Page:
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Students Get Their Hands Dirty In Zero-waste Push

University of Hawaiʻi at Mānoa students spent two days sorting, categorizing and weighing trash in October as part of a campus-wide audit. The university’s second waste audit in almost 20 years is designed to provide valuable data to empower better decision making and holistic procurement and disposal practices.

“The big picture is we’re hoping to move the UH System towards this idea of zero waste and zero waste is a concept that rejects the idea of trash,” said Nicole Chatterson, student sustainability coordinator.

“The UH System has to move to net-zero energy production by 2035, which means if we’re using a little bit of electricity to dry our hands, instead of paper towels, we’re actually going to be generating that electricity from renewable sources on campus instead of cutting down trees to make 21 tons of paper towel waste a year,” she added.

The big picture is we’re hoping to move the UH System towards this idea of zero waste and zero waste is a concept that rejects the idea of trash.
—Nicole Chatterson

UH Mānoa student and Office of Sustainability waste reduction fellow Navin Tagore-Erwin said, “This is basically the first step in reducing campus waste is to find out what we’re actually throwing out. This kind of provides the groundwork for what we can specifically look at in terms of waste reduction and better management practices in terms of disposal.”

The audit is expected to be completed by the end of the fall semester. This audit protocol will be shared as a template for other UH campuses to consider in order to assist in reducing the systemwide waste footprint.

Students sorting through many bags of trash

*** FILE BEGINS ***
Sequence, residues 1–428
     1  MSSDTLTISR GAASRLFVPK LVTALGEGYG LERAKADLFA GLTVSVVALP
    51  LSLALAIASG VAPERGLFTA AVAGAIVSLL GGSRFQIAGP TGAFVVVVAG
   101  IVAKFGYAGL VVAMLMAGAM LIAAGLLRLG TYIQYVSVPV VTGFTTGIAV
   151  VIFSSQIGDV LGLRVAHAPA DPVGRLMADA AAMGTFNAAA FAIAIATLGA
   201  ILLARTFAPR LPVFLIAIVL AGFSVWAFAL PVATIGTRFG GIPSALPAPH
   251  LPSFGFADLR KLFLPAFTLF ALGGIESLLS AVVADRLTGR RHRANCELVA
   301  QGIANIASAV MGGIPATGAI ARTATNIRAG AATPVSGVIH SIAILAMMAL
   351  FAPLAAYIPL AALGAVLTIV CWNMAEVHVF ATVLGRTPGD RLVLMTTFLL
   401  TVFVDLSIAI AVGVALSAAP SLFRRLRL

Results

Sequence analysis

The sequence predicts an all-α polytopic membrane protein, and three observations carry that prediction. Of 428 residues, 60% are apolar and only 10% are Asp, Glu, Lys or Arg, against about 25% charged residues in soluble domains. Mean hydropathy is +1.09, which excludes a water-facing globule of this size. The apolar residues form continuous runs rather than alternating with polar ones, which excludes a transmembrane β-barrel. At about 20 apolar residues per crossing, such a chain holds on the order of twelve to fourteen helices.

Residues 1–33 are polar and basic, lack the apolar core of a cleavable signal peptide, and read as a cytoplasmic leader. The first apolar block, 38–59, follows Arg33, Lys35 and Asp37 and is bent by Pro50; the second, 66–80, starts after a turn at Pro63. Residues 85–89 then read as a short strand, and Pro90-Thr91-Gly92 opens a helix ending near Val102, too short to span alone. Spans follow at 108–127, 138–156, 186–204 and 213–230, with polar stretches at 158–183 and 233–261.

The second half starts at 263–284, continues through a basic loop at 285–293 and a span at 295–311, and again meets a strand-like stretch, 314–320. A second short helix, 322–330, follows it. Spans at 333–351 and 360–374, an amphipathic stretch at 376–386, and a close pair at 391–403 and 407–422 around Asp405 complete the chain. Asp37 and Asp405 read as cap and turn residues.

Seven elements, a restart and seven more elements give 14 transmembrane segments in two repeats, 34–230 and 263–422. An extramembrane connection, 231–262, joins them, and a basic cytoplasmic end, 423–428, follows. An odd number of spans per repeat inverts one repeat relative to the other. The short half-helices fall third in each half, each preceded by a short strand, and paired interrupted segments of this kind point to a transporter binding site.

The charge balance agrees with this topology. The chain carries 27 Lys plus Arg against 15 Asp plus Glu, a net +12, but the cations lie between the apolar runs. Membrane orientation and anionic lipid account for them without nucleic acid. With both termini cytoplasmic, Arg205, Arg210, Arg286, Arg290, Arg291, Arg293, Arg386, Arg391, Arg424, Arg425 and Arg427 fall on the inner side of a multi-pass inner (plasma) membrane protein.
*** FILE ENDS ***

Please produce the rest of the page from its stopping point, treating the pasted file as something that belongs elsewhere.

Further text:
This Post Has 2 Comments
  1. I am so happy to be attending a university that shares the same values as me. As I have started to embark on a zero-waste lifestyle, I find that little changes are a huge deal. Using a reusable water bottle is one of the easiest steps. Using mason jars and shopping where bulk is available is another great switch. Creating your own paper towels using old rags or cut up clothing is a great way to eliminate paper towels. I also have found a sense of pride and accomplishment when I shop at a local farmer’s market with produce bags (I use laundry bags) and let them know I don’t need any plastic packaging. Shopping is always purposeful and it is so easy to carry a reusable bag in your backpack, purse, or car. In the future I am looking to make my own products (laundry detergent, household cleaners, etc.) and order compostable items. It would be really nice if UH Manoa could implement compost bins around the dorms, apartments, and even food court.

  2. I love that they’re getting into zero-waste, however on the same coin, all of these students are wearing disposable gloves. Single-use items, such as disposable gloves, aren’t zero-waste. I get there is a sanitary issue, so I would try using gloves that can just be washed and used over and over again. Keep up the good work! :)

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